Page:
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The Madison daily leader. [volume] (Madison, S.D.) 1890-current, February 22, 1892, Image 1

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Persistent link: https://chroniclingamerica.loc.gov/lccn/sn99062034/1892-02-22/ed-1/seq-1/

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MADISON
•THB
OF SOUTH DAKOTA.
MADISON
the
—IS LIGHT1D BY—
ELECTRICITY.
The Streets Illuminated by 12 Arc Lights*
Pie Most Complete Plant in the State.
State Chautauqua
ASSEMBLY GROUNDS
At LAKE MADISON, three and one-half miles southeast
of the city. Connected by Motor line
A Large Nnmter of State
Meetings to be held at the
Chautauqua Grounds this
summer.
The Lake provided with
the Steamer "City of Mad
ison,'1 capable of parrying
100 persons.
A Beautiful Sheet of Wat Ay, Eight
Miles Long and Two Miles "Wide.
Two and one-half miles west of the city
surrounded by beautiful groves
I of natural timber.
MADISON
ISA
The seat of the State Normal School. Value of Normal
buildings, $55,000. The Normal School is now in ses
sion, with over 125 students from various parts of
the
state in attendance.
Excellent City Schools. New Central School build*
ing just completed, at a cost of $15,000.
MADISON
Is the home of Nine Churches!
Excellent Society. Stone and
Brick Business Buildings
MADISON
1M THE
and Passenger Division of
the S. M. Div. of the C., M. & St.
P. R'y running north and west. 4
Fine Brick I O-Stall Round House.
MADISON
Is a great Grain Maf&et. Foftf El
evators, Flat House and Roller
Mill 1100 Cars of Grain shipped
from Lake county since Sept. 1st.
Lake
County has NEVER Experienced
Crop Failure.
CITY PROPERTY
And FARM LANDS can be purchased at reasonable
prices., HOME9EEKEBS are cordially invited to settle
in this community.
For additional particulars concerning the resources of
this section, prices of City Property, Farm Lands, etc., etc.,
address^
:f=
CHAS. B. KENNEDY,
Madison, South Dakota,
ESTABLISHED 1890. MADISON. SOUTH DAKOTA, MONDAY, FEBRUARY 22,1892.
a
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A PHYSICIAN'S FIND.
HN
HerriMe Discovery Mais If a
Hember of
a ,cw
pltal Staff.
Tkrtfc *meg Cklldrw milpixt ef
Clothing and Left to Starve
or Freeae.
A Michigan Teacher Has a 'Tussle
with a 10-Year-Old Boy MM!
a Revelm*.
NEW YORK, Feb. A2. -Dr. Schults, of
the Preebyterian hospital staff, mad* an
astounding discovery in MI East Side
tenement. He had been called to the
tenement. 476 East Eighty-ninth street,
to attend a young girl who had been
•everely beaten by her father. His
prospective patient lived on the filth
floor, and while the doctor was pasrng
through the hallway on that floor he
heard moaning. The sounds seemed to
tame from a room next to that to which
he was going. After attending to the
injured girl the doctor investigated the
matter. He burst open the door from
which the sounds came and a pitiful
sight met his gaze. Leaning against a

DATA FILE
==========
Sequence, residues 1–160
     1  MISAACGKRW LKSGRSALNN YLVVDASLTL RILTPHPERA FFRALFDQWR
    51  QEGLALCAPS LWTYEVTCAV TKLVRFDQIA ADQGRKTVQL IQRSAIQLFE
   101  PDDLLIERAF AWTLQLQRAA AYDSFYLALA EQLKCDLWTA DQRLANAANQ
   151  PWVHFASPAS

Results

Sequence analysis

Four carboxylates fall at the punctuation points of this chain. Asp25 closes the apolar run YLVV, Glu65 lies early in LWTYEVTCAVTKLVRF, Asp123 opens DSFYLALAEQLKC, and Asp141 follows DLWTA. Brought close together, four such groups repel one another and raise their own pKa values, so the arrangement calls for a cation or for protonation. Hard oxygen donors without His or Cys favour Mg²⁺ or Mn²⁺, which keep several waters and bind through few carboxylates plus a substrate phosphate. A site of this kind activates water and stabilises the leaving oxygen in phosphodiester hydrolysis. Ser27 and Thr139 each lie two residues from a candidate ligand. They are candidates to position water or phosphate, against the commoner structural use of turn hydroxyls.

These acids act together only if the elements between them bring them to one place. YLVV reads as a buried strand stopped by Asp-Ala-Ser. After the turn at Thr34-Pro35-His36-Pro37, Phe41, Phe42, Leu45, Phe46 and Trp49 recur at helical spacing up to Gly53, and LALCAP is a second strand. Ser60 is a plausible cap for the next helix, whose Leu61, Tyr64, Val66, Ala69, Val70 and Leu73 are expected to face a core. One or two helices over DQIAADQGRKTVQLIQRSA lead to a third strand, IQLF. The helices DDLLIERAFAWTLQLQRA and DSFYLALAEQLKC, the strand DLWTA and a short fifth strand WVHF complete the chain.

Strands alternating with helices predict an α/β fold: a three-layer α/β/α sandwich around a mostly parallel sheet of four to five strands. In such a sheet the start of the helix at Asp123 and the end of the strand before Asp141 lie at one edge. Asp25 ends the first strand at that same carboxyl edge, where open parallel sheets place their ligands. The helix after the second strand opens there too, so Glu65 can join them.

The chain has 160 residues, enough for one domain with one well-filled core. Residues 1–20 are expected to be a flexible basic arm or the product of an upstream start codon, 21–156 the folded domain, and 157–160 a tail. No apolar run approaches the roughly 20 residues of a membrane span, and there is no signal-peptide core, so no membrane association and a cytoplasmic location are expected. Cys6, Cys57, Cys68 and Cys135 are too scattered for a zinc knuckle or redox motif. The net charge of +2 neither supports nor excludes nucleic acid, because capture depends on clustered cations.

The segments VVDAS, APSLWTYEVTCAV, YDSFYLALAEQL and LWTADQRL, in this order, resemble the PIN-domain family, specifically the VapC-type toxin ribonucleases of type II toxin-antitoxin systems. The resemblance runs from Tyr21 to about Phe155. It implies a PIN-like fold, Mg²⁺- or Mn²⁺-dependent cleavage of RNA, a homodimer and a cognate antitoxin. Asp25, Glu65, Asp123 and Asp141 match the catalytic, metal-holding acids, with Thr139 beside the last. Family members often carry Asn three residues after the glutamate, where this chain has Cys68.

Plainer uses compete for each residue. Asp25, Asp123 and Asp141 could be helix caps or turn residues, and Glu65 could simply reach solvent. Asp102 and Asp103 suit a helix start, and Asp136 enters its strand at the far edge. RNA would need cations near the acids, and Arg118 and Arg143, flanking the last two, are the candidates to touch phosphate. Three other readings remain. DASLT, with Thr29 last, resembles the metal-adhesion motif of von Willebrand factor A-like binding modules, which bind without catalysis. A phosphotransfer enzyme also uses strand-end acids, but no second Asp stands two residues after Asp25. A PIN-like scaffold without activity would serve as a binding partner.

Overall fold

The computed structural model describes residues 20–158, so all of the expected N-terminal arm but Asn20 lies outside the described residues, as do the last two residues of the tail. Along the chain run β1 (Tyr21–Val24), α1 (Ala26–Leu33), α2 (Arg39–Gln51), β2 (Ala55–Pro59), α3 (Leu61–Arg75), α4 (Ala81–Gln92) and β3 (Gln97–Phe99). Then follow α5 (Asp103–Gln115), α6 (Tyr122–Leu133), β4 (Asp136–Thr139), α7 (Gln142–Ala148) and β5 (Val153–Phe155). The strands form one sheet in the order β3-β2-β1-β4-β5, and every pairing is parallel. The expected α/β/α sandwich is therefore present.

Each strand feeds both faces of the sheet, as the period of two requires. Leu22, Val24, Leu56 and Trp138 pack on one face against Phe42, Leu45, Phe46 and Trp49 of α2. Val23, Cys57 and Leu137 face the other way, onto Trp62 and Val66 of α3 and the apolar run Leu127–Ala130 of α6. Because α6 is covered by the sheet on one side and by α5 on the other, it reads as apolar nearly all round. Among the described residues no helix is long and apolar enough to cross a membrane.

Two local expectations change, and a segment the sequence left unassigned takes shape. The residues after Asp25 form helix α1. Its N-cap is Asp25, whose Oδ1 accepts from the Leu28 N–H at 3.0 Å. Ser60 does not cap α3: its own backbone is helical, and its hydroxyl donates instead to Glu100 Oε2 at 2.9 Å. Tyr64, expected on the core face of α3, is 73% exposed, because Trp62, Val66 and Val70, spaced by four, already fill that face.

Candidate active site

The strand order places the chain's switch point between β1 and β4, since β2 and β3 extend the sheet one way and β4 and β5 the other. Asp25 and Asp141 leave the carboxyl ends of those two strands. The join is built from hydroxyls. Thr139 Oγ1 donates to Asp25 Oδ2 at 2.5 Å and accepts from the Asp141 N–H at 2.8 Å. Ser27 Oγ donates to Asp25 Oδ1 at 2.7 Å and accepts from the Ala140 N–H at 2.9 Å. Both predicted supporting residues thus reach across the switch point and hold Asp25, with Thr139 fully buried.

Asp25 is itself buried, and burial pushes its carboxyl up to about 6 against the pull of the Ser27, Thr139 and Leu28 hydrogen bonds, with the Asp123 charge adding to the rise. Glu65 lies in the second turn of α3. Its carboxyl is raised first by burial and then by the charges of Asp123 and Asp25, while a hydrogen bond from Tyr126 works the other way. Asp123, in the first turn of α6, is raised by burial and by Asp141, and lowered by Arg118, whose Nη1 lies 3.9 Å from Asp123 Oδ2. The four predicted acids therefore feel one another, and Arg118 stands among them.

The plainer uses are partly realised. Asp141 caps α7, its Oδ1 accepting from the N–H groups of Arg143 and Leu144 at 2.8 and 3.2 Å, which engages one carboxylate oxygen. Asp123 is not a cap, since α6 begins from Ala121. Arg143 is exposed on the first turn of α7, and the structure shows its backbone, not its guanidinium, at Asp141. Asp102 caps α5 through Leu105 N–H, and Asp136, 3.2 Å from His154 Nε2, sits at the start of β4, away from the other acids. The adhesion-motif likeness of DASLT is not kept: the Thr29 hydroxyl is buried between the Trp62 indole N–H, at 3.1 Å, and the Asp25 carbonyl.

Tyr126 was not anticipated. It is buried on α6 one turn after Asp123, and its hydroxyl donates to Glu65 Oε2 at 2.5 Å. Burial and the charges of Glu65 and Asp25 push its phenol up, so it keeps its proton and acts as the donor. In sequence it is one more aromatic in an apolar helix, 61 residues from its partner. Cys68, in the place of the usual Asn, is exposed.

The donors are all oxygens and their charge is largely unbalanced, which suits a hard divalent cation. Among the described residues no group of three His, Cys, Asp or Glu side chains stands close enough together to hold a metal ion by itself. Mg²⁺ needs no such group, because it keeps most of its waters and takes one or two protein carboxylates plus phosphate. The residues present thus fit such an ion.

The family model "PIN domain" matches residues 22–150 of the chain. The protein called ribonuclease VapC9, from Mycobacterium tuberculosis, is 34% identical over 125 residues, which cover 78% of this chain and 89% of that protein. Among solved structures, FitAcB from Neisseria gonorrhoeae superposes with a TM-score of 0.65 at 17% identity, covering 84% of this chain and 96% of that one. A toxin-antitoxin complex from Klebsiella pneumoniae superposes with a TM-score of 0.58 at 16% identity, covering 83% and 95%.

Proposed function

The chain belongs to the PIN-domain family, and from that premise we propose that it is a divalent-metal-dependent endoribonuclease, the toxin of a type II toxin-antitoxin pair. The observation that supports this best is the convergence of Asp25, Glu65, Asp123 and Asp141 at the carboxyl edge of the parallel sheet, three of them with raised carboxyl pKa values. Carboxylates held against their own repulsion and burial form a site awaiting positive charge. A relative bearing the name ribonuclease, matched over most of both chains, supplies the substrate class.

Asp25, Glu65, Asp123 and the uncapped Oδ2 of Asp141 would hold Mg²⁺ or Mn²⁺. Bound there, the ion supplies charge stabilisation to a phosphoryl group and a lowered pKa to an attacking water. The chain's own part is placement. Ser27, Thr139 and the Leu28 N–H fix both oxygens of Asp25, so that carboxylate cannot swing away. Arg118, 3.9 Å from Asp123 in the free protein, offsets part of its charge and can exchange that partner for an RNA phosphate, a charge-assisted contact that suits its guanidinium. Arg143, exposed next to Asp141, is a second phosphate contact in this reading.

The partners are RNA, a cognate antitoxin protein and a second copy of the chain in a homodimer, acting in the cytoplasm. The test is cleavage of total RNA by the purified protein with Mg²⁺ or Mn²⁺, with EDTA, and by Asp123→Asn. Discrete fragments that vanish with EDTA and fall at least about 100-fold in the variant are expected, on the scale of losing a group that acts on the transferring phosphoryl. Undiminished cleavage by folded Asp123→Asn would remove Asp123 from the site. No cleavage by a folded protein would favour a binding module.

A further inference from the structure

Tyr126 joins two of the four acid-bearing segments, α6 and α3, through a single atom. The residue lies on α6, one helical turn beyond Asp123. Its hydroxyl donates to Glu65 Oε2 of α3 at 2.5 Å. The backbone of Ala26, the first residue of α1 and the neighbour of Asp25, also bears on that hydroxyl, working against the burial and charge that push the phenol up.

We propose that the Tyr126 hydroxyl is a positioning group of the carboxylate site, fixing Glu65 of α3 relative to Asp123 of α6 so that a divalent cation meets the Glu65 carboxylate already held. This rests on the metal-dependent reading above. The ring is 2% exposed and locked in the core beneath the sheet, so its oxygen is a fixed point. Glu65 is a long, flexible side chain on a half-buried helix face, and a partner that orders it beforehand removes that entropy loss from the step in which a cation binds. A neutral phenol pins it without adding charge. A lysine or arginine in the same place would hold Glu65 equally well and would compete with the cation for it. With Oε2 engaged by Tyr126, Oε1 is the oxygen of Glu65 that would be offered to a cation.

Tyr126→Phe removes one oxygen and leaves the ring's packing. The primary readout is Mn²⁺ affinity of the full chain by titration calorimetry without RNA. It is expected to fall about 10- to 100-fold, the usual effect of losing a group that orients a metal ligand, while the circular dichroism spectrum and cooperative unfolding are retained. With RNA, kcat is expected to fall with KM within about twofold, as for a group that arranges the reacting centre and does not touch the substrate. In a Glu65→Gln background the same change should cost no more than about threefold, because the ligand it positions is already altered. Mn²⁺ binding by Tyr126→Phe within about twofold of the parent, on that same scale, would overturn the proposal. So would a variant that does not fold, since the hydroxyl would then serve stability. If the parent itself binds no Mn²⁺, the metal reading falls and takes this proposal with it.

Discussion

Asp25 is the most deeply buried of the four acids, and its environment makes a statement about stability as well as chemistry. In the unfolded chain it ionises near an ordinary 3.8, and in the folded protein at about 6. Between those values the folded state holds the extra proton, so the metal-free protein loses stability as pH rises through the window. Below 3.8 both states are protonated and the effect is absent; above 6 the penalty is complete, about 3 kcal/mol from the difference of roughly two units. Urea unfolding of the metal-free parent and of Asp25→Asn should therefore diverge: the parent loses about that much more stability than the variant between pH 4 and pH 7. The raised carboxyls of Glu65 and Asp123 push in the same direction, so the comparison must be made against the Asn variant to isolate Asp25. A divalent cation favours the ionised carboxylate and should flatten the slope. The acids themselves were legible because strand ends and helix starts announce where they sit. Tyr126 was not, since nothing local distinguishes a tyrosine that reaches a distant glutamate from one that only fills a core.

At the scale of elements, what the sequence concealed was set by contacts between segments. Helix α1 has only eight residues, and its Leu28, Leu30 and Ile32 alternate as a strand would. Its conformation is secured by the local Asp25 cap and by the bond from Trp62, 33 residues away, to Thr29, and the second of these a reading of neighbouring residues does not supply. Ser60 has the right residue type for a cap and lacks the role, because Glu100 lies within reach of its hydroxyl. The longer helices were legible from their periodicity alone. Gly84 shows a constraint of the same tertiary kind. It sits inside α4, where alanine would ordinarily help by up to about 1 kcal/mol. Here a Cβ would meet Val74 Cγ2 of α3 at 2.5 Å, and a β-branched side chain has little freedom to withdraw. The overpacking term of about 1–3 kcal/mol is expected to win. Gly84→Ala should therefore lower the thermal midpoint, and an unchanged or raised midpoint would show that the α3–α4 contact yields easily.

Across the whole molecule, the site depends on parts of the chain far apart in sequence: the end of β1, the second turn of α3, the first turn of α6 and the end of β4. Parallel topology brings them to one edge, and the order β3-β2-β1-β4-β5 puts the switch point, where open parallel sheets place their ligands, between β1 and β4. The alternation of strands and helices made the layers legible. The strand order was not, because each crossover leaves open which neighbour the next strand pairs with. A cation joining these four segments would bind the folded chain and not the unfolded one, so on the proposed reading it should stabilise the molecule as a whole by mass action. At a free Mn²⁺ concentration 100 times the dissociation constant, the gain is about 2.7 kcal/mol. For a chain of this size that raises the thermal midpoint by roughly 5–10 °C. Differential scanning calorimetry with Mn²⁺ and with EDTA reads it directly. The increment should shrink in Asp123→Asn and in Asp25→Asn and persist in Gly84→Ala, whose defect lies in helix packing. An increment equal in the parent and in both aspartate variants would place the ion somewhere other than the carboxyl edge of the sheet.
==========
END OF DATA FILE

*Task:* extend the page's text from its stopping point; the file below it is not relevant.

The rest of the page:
•tore, wkioh had apparently been inno
cent of fire for many days, he saw a
babfi not more than 10 months old,
with ent a stitch of clothing upon its
emaciated body. Its eyes were half
closed and it was moaning with paw. A
few feet away another naked child, a
boy less than 2 years of age, lay on the
floor unconscious from the cold.
Oouehed in a corner not
far from the door was a negro "boy
about 8 years old, devoid of clothing,
like bin companions In misery, and eloee
by his side, as if to keep the warmth in
his wretokad body, was a large mastiff,
who feebly wagged his tail as the doctor
entered. The surgeon questioned e
negro, the only one of the children old
enough to talk, but the little fellow was
so weak that he could hardly gasp out a
dosen words. From what he did say,
however, it was Earned that three chil
dren and the dog had been locked up
without food since Monday night. The
boy said a man had taken them to the
room where they were found, stripped
them of all their clothing and locked
the door upon them. The children were
turned over to the Society for the Pre
vention of Cruelty to Children, who will
investigate matter. The whole affair is
shrouded in mystery, as the tenants of
fthe house in which the ohildren were
found, say they know nothing of tke
ease, and were not aware that the chil
dren were in the room where they were
found. The white children found seem
from their appearance to be of Italian
parentage.
YOUNG IDEA8 SHOOT.
Mlel£it»n Tcuhtr Has a Tvsale witfc a
Papil Md StToWar.
LANMNO,
Mich., Feb.
Walked by Paltfc.
SAVANNAS, Ga., Feb. 2».—Eighteen
months ago Miss Emma Evans was
thrown from a carriage while driving
near Perry's Mill, in Tattnal county.
Two of her ribe were broken and her
spins was so badly injured that the
doctor pronounced her case incurable.
Batu/day Miss Evans, who has all her
life been very devout, was silently
prAying that her health might be re
stored, when a strange sensation came
i/ver her. So strong was her faith that
she essayed to rise, and, finding herself
able iu do so, walked about the room, to
the amazement of her relatives.
Amother Coaler Orwhanltl.
"WASHINGTON, Feb. 33.—Another
•r. y
York H#
of
the four colliers that were recently dis
patched to the Pacific by this govern*
ment in expectation of war with Chili,
has been head from and intercepted at
Teneriffe, where it arrived on Thurs
day. The collier coaled up at Cardiff,